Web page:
Greek judicial authorities will not be sending their officials to Cyprus to testify in the ongoing Focus trial, it emerged on Monday.
A trial within a trial is currently underway in order to determine the admissibility of certain evidence which the prosecution wants to introduce.
The defence argues that evidence obtained from Greece by Cypriot authorities was not acquired lawfully via the mutual judicial assistance protocol between the two countries. As such, this evidence should not be admissible.
The evidence in question relates to Greek national Michalis Zolotas, owner of Focus Maritime Corp and a key defendant in the proceedings.
As a result, state prosecutors subsequently requested Greek authorities that they allow the official there who had executed the judicial assistance request, to appear in court and testify.
On Monday, the lead state prosecutor informed the court that Greek authorities wrote back, denying the request and explaining the reasons for it.
Once the trial within a trial is over, Nicosia criminal court will look at another objection raised by the defence.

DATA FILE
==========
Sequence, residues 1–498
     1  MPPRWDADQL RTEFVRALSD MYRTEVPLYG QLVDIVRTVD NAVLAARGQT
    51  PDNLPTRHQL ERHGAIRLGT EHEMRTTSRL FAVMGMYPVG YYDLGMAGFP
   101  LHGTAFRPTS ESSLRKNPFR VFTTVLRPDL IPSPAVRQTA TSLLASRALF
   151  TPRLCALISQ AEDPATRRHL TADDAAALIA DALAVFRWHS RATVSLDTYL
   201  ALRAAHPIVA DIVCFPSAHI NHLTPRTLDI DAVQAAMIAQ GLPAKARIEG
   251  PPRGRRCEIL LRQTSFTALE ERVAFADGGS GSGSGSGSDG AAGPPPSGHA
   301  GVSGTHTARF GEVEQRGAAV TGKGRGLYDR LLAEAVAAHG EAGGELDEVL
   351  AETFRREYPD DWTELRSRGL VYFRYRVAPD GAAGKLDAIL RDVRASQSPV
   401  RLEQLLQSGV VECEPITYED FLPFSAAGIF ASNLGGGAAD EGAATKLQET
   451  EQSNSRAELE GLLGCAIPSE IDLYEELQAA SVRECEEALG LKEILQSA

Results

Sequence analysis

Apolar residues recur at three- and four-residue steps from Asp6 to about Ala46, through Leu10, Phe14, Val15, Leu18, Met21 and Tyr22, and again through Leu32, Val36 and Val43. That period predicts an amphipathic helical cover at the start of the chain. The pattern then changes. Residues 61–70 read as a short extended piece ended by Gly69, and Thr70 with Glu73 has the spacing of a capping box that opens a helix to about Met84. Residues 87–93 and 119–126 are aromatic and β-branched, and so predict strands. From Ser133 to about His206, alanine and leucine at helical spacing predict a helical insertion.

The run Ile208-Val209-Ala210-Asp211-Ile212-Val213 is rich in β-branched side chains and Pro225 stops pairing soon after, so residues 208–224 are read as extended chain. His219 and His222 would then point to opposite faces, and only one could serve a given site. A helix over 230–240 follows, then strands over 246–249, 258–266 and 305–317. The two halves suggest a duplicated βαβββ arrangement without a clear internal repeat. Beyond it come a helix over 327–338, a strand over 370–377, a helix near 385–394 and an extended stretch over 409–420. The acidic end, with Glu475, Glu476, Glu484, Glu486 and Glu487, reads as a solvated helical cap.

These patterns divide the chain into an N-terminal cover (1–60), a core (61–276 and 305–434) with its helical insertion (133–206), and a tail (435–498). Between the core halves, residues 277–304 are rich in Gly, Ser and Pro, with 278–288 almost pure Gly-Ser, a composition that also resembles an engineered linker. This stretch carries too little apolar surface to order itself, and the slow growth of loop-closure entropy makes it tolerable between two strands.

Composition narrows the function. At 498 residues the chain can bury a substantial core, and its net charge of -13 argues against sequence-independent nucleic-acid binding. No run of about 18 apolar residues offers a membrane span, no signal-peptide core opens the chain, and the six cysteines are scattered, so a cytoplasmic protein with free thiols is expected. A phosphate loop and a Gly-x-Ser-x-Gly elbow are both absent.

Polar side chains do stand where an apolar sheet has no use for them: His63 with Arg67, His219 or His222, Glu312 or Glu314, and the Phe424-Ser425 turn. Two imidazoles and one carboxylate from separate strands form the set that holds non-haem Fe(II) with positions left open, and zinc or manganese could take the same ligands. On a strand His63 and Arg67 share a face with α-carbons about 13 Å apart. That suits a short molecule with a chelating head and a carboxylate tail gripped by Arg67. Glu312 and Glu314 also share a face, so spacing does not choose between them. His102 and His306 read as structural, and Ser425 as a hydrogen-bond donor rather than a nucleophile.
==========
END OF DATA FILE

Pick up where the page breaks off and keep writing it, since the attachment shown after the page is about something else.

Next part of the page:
Defence lawyers have objected to the prosecution presenting evidence obtained from a hard drive from the personal computer of Zolotas.
They argue that the hard drive contains private communications of the defendants.
Lawyers for Marfin Investment Group (MIG), another defendant, had requested a copy of the hard drive in question.
Andreas Aristides, the lead state prosecutor, confirmed that this material has yet to be delivered to the defendants. He told the court that arrangements had been made so that a defence lawyer for MIG visit the police and hand them an empty hard drive, onto which the contents of Zolotas’ hard disk would be copied.
The defence meanwhile informed the court that it would not be calling any witnesses of its own during the trial within a trial.
As such, the litigants are expected to soon deliver their respective summations for this part of the trial. This could take place on Tuesday.
To date, the prosecution has summoned three witnesses in the trial within a trial.
Prosecutors claim that Focus Maritime Corp was the conduit for transferring €1m to a consultancy firm in Cyprus.
The consultancy firm was owned by the daughter of then governor of the Central Bank Christodoulos Christodoulou. The prosecution’s case rests on the premise that the money was a sweetener to Christodoulou so he would green-light the 2006 takeover of Laiki Bank by Greek financier Andreas Vgenopoulos, now deceased.
The bank was shuttered in 2013.
Vgenopoulos, chairman of MIG, was initially also on the charge sheet. His name was withdrawn when he died in November 2016.
In addition to Zolotas and Christodoulou, defendants in the same case are Christodoulou’s daughter Athina, her ex-husband Andreas Kizourides, former Laiki official Michael Fole, and Α.C. Christodoulou Consultants Ltd, MIG and Focus as legal entities.
The case was filed with Nicosia district court in September 2016, and referred to a criminal trial in April 2017.